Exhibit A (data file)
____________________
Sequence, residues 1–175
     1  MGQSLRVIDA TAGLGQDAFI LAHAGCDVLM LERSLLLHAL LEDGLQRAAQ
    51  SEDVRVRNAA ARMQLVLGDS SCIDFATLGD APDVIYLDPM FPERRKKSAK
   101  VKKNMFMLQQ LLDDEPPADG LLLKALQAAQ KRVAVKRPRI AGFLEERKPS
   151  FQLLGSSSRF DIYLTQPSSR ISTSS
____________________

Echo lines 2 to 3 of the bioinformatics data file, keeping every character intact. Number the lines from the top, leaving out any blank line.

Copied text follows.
     1  MGQSLRVIDA TAGLGQDAFI LAHAGCDVLM LERSLLLHAL LEDGLQRAAQ
    51  SEDVRVRNAA ARMQLVLGDS SCIDFATLGD APDVIYLDPM FPERRKKSAK